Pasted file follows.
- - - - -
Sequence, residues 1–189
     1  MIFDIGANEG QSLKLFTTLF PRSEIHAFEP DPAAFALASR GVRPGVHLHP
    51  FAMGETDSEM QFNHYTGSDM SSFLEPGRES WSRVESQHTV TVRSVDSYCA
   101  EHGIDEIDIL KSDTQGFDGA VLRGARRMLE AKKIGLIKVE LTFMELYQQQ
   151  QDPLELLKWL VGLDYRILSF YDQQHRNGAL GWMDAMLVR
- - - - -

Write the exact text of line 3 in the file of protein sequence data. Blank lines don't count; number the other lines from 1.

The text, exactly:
    51  FAMGETDSEM QFNHYTGSDM SSFLEPGRES WSRVESQHTV TVRSVDSYCA